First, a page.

nep-pub New Economics Papers
on Public Finance
Issue of 2022‒04‒18
ten papers chosen by
Kwang Soo Cheong
Johns Hopkins University

  1. When lawmakers met progressives. Debating the American federal income tax of 1894 By Javier San Julian Arrupe
  2. Missing top incomes and tax-benefit microsimulation: evidence from correcting household survey data using tax records data By Marko Ledic; Ivica Rubil; Ivica Urban
  3. Tobacco control and optimal taxation in a changing European market landscape By Salvatore Barbaro; Nathalie Neu-Yanders
  4. INTAXMOD – Inheritance and Gift Taxation in the Context of Ageing By Alexander Krenek; Margit Schratzenstaller; Klaus Grünberger; Andreas Thiemann
  5. Welfare Effects of Fuel Tax and Feebate Policies in the Japanese New Car Market By Tatsuya Abe
  6. Are SMEs Avoiding Compliance Costs? Evidence from VAT Reforms in Japan By Takafumi Suzuki; Takafumi Kawakubo
  7. Not so sweet: The impact of the Portuguese soda tax on producers By Goncalves, Judite; Merenda, Roxanne; dos Santos, João Pereira
  8. Digitalization and Tax Compliance Spillovers: Evidence from a VAT e-Invoicing Reform in Peru By Mr. Matthieu Bellon; Salma Khalid; Jillie Chang; Pilar Villena; Juan Carlos Paliza; Ms. Era Dabla-Norris
  9. Trends and Patterns of Tax Expenditures on Union Taxes in India. By Mukherjee, Sacchidananda
  10. The Determinants of Tax Morale in India. By Korgaonkar, Chinmay N

  1. By: Javier San Julian Arrupe (University of Barcelona)
    Abstract: In 1894 the American Congress passed a 2% tax on incomes over 4,000 US dollars, as part of a bill seeking to reduce tariffs. Transformations in the American society after the Civil War triggered an increasing role of the State, calling for a tax reform. Concerned for tax justice, progressive economists sponsored a tax system grounded on ability to pay, demanding an income tax. Farmers and the working class joined this demand, feeling that American tax system was harmful to them. The decade of 1890 consolidated this opinion, leading a majority of lawmakers at the House to embrace the idea of a federal income tax. Even if struck down by the Supreme Court, the federal income tax of 1894 was an economic milestone in the Progressive Era, mirroring new social concerns. This paper examines the debates on the income tax in the House, with a twofold conclusion. First, representatives accepted the arguments of progressive economists for tax reform and used them in the discussion. Second, political economy played a central role in the debate as an instrument to confer legitimacy and reputation to representatives’ arguments for the income tax, and crucially aided in the building of consensus for the reform.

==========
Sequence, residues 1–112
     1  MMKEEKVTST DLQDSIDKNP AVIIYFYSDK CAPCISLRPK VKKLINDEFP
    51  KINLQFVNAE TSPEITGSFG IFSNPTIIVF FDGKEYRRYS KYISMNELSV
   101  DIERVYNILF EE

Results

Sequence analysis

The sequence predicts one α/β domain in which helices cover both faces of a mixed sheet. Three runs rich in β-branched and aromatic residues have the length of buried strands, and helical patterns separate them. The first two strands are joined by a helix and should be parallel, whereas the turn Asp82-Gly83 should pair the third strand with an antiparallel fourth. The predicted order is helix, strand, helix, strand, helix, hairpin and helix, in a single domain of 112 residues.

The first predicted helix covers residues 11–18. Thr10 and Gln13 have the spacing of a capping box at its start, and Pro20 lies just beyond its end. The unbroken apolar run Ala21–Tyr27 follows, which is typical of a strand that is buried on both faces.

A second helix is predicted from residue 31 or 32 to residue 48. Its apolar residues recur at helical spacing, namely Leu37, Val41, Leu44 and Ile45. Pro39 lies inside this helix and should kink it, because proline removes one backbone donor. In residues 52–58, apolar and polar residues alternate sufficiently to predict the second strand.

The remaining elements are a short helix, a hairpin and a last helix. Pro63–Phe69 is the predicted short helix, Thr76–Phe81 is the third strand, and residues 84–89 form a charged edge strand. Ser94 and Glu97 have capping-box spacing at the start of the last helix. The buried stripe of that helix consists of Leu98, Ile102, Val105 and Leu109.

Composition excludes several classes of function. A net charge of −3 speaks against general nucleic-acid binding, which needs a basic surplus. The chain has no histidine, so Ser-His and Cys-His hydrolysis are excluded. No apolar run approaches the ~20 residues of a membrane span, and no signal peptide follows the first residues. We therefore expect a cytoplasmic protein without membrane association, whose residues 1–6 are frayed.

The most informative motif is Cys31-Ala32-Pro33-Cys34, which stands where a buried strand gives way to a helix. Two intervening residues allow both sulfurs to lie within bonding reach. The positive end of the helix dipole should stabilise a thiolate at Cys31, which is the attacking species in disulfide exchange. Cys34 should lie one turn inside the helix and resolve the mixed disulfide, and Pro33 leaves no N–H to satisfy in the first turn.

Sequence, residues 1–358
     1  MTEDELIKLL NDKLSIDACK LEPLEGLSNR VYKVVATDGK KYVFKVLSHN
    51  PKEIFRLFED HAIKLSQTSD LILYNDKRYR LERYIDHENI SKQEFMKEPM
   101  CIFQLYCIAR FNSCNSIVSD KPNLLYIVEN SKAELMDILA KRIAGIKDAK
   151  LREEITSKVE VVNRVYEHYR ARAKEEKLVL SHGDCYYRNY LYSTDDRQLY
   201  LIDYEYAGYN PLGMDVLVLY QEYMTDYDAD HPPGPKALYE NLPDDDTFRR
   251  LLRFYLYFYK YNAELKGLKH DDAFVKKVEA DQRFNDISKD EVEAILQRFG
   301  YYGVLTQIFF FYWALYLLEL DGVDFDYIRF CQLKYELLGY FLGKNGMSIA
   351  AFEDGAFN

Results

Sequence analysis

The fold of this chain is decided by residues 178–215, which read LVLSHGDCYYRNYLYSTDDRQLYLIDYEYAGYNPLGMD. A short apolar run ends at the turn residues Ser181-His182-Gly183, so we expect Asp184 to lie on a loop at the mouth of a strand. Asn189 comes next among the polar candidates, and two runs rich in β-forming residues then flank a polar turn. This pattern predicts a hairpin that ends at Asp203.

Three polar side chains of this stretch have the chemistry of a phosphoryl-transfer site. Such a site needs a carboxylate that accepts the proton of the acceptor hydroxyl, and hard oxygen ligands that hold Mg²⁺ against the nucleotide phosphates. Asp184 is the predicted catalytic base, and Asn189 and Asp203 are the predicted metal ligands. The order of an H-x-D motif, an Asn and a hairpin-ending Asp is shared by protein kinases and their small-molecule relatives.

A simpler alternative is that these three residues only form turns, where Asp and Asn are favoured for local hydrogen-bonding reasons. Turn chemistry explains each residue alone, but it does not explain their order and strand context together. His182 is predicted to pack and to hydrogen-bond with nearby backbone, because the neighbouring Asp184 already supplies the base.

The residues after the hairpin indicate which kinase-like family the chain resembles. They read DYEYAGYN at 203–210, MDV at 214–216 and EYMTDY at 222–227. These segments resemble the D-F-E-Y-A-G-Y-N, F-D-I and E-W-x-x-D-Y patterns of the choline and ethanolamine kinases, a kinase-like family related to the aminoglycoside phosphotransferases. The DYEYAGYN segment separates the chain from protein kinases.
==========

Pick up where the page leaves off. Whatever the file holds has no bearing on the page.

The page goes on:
Keywords: Tax policy, income tax, progressive era, progressivism.
    JEL: B15 H20 H71 N11
    Date: 2022
  2. By: Marko Ledic (Faculty of Economics & Business, University of Zagreb); Ivica Rubil (The Institute of Economics, Zagreb); Ivica Urban (Institute of Public Finance, Zagreb)
    Abstract: Using the microsimulation model EUROMOD for Croatia, we compare the results of simulation based on the original survey data (EU-SILC) with those based on the survey data corrected using tax records data and a recent survey correction method. We show that the correction method, although it debiases inequality estimates, may not be able to correct the in-come structure by source if some income sources are severely under-represented. In Croatia, this is the case for income from capital, property, and contractual work. As a solution, we propose to complement the correction method with an ad hoc pre-correction procedure. The corrections bring the aggregate amount, distribution, and structure of survey income closer to those in the tax data. Consequently, the simulated fiscal instruments become more like those in the tax data. Simulation of a hypothetical tax reform shows the results based on the uncorrected data may be misleading in terms of the estimated budgetary impact and the distributional incidence of the reform.
    Keywords: top incomes, survey data, tax records, tax-benefit microsimulation, EUROMOD, EU-SILC
    JEL: D31 H24
    Date: 2022–03
  3. By: Salvatore Barbaro (Johannes Gutenberg University Mainz); Nathalie Neu-Yanders (Institute for Policy Evaluation, Frankfurt)
    Abstract: A widely-supported aim of governments is to reduce the consumption of healthharming tobacco products and to increase their cessation. To reach this goal, the European Union is preparing a revision of its tobacco-related taxation. A crucial question in this revision is how to treat new (non-combustible) products like heated tobacco and e-cigarettes. The taxation of non-combustible products is two-fold: It can contribute to overall cessation since the entire market becomes less attractive or it can prevent traditional smokers from substituting for less harmful products. This paper provides evidence on European consumers’ perceptions of combustible and non-combustible products. First, we assess the reason for substituting for less harmful products. Second, we develop a theoretical framework to determine the optimal tax environment on the tobacco market. Lastly, we survey empirical evidence on US consumers’ responses to e-cigarette taxation and their impact on smoking prevalence. In addition, we apply price elasticity estimates from the US to European market data. Nearly all available data and studies indicate a positive cross-price elasticity, which has significant implications for tax policy. Our policy recommendation encourages price differentials between combustible and non-combustible products such as heated tobacco products and e-cigarettes. Additionally, we argue that smoking prevalence is not a sufficient measure for public health, since consumption of non-combustible alternatives is excluded. As an alternative, a measure for general harm level should be used.